Curse of the Crimson Throne is jam packed with action and awesome. Here are some of the stand out moments from it.
Before we go too much further. I just want to say that, since we’re going through the campaign and talking about some of the more memorable moments from it, there are spoilers. I’m being real nice, because this adventure path came out back in 2008, but just in case there’s anyone who wants to play this for themselves, there are spoilers below.
Zorro Batman Blackjack
Curse of the Crimson Throne does many things well. But in particular, I love the way it interweaves lots of little plot threads and weaves them together almost without you knowing. One of the best examples of this comes fairly early on. There’s a big dramatic cut-scene when the Queen is showing her villainous color, and the whole speech is interrupted by
Zorro Blackjack, a masked rogue who fights with a rapier and is more myth than man. After meeting Batman Blackjack, the players have an opportunity to work with the man, rescuing him, and possibly learning that he’s ready to retire.
That’s when things start to dip into Batman Beyond territory, with the current Zorro passing along the mantle to one of the characters to whom it seems suited (they even list guidelines for a good “candidate”). The plot thread disappears while the PCs are off gallivanting around in the wilderness, it is picked back up dramatically way upon their return to the city. PCs discover that someone has been impersonating Batman, and it’s up to them to clear the good name of Blackjack in a throwdown–but it’s not enough to just beat the impostor, they have to expose him for fraud, and since the fraud is a genie, that’s harder than you’d think. I am riffing on them for the symbolism, but this is one of my favorite subplots in the whole adventure path–well worth stealing for your own campaign, even if you don’t play through the whole thing.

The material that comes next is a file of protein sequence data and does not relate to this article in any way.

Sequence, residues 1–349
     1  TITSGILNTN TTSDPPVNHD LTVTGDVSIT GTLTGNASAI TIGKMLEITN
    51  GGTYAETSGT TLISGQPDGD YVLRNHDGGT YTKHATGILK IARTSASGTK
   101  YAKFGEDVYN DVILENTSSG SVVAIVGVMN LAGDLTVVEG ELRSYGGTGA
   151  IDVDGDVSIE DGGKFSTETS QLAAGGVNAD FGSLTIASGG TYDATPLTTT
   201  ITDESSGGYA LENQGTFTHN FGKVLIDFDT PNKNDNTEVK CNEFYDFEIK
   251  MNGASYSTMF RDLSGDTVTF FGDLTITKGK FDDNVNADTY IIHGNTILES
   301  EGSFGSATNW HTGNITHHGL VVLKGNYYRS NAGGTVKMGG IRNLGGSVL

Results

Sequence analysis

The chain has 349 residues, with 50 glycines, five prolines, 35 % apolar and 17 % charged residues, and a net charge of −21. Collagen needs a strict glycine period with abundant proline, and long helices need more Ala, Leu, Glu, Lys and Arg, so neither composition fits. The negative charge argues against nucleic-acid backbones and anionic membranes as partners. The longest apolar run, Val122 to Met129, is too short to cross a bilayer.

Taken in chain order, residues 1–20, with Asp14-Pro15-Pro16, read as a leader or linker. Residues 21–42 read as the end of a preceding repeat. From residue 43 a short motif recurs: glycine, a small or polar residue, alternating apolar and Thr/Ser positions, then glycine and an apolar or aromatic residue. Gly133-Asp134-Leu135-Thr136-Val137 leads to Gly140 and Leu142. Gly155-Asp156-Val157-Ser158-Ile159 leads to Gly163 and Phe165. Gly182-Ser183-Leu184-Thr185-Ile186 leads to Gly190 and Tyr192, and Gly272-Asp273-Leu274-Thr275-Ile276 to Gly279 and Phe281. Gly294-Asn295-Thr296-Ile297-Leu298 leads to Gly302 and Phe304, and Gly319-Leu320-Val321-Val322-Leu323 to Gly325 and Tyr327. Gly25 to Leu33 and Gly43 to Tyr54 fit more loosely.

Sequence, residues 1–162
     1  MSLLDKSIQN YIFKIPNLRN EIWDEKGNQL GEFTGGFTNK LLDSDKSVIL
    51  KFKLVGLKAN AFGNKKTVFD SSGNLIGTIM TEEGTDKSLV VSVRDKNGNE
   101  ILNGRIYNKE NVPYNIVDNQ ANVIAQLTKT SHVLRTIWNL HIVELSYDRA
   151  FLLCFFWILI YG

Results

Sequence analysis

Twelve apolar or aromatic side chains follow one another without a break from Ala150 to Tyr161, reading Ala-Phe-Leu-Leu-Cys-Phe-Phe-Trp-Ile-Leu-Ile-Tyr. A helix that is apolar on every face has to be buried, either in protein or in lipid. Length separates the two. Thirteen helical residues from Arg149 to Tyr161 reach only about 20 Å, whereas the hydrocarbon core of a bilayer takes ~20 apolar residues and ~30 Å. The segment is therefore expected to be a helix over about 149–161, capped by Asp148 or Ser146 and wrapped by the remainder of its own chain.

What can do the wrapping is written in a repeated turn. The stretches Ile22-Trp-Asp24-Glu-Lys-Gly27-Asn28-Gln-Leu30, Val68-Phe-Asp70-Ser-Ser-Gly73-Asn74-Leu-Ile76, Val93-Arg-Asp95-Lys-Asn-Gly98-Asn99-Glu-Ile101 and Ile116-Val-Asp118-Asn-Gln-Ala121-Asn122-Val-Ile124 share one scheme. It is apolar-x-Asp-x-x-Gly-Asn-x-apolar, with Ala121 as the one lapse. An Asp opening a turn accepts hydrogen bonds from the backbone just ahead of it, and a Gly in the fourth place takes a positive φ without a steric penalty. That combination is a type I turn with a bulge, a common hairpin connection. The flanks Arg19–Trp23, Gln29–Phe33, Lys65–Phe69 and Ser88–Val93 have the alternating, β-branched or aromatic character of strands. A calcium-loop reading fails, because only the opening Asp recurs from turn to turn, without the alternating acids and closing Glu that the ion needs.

Eve of the Rebellion
Another thing that Curse of the Crimson Throne handles well is action sequences. Granted, all the fights are in Pathfinder, and to say it gets a little complex with regards to feats, player actions, and the interactions between various rules, is like saying that the LHC is just some big metal pipe some people put into the ground one time. Even so, the fights are cinematic. You have showdowns with corrupt police/guards (the Gray Maidens, shown above), fight off an entire criminal organization, and have action-packed duels with the Red Mantis Assassins.
But perhaps one of the most dramatic fights is a showdown with the evil Queen’s personal bodyguard, Sabina Merrin. Throughout the campaign, she’s been a character on both sides of the conflict. Depending on how the players do, they might get a sense that she’s not all-in on the Queen’s whole evil plot. This all comes to a head when, after some heroics, Sabina confronts them while riding on the Queen’s personal black dragon.
This is all a ruse, though. It’s a chance for Sabina to try and defect–she subtly guides the dragon to land in among the strongest fighters of the party, and does other things to try and get it hurt. eventually, the dragon realizes what they’re up to, and for the first time Sabina openly defies her order and joins the PCs to take out the dragon before it can wreak havoc on the city.
Fun n’ Games!
In my review of the Curse of the Crimson Throne, I talked about how the adventure path was not afraid to let moments of levity show up in the midst of all the melodrama. There’s a lot of fun and games in the campaign. One of the earliest moments is when players have a chance to play “knivesies” (which is almost exactly what you think it is) in a rowdy tavern on the wrong side of town.